"One of the problems is that we have now demanded too much of wellness," Tsiaras said. "It's almost impossible to be well and to be accomplished in the Western world."
The key to kicking a habit like this is taking small steps, Tsiaras said. Replace the behavior -- such as the wine -- with a run or a stretch. And he's not saying you can't indulge every now and then. For instance, if you're exercising and controlling stress and love chocolate, it's fine to have a piece of chocolate.
"It's when you have the bar of chocolate, and you're becoming sluggish, you're feeling tight, and you feel like you're aging, then you sort of have to go back and look at the size of the piece of chocolate," he said.
Like the biological systems he studies, Tsiaras' personal story is intricate and complex. Despite attending schools such as the prestigious Amherst College, he did not graduate from college. At 19, he went to his parents' village in Greece and spent a year herding goats on the Macedonian-Albanian border. He wrote a book on ancient funeral and exhumation ceremonies called "Death Rituals of Rural Greece."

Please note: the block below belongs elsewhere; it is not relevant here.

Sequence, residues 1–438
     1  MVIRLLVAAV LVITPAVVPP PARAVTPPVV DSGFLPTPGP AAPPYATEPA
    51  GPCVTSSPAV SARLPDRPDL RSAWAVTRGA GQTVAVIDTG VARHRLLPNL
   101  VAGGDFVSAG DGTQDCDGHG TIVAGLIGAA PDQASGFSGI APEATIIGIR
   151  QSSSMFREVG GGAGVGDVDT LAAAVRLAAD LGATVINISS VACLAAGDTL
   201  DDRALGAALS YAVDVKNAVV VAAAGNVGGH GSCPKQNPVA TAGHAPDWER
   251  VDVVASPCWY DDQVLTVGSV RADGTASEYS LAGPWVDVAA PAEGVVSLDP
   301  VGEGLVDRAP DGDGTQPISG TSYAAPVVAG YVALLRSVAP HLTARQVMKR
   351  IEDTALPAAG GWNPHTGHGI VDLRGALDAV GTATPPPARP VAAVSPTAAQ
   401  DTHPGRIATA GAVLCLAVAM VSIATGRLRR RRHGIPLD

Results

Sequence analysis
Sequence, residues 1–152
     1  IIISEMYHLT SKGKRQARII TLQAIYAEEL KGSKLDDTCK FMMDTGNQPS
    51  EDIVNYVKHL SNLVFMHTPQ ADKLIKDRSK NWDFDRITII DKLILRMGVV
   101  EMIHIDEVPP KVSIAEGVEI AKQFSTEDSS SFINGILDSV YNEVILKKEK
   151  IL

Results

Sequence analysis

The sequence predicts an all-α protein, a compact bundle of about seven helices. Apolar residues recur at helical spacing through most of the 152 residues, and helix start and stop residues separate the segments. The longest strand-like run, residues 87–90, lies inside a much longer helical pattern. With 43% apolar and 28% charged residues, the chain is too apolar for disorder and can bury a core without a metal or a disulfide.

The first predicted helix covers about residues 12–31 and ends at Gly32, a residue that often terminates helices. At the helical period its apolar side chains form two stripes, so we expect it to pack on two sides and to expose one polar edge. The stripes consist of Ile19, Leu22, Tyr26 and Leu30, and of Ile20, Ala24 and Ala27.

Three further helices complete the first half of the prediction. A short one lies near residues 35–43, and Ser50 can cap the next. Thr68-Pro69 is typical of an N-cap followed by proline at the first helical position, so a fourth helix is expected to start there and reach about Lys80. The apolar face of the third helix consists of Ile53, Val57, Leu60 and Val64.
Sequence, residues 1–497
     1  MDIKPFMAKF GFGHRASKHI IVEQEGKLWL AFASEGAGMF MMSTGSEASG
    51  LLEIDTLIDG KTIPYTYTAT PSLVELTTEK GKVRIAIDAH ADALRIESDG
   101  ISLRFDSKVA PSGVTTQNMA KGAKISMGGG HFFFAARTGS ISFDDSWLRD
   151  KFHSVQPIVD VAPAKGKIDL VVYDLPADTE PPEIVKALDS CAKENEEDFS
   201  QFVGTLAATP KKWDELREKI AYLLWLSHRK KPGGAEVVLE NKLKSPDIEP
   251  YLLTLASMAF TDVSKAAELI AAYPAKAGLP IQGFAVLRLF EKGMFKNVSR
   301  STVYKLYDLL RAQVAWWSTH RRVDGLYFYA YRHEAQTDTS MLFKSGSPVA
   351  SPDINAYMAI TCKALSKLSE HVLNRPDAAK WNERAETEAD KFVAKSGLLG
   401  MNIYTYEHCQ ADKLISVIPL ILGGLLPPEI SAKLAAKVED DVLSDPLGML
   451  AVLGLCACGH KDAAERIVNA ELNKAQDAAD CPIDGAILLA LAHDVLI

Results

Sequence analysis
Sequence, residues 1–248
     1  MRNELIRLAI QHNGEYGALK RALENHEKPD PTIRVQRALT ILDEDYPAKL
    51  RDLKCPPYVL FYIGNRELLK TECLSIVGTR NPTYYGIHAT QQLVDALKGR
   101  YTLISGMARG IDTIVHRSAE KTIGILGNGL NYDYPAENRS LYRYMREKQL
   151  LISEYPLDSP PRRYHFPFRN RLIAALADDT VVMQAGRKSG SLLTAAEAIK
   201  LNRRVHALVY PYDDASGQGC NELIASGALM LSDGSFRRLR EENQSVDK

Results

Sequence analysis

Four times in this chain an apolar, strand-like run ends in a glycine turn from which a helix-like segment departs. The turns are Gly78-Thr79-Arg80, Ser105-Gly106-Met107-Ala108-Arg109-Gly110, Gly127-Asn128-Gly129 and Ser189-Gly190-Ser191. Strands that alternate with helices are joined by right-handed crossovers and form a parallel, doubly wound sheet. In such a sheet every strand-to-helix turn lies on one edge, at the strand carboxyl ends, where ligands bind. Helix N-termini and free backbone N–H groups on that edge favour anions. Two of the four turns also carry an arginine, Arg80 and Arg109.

"When I came back I wanted to find for my artwork that kind of drama," he said. "I found it in the X-ray files of teaching hospitals."
Tsiaras became inspired by seemingly mundane black-and-white medical scans from the lab of his brother, an ophthalmologist. His photography of medical procedures became featured in LIFE magazine.
To take his ideas to the next level, Tsiaras needed to be able to communicate with people in a wide range of disciplines and then bring those ideas together.
He taught himself advanced mathematics and physics and, later, computer languages. He designed a lens for a microscope responsible for photographing the first images of human eggs in an in vitro fertilization program. A photograph of a fetus from outside the amniotic sac came about because of a lens he designed.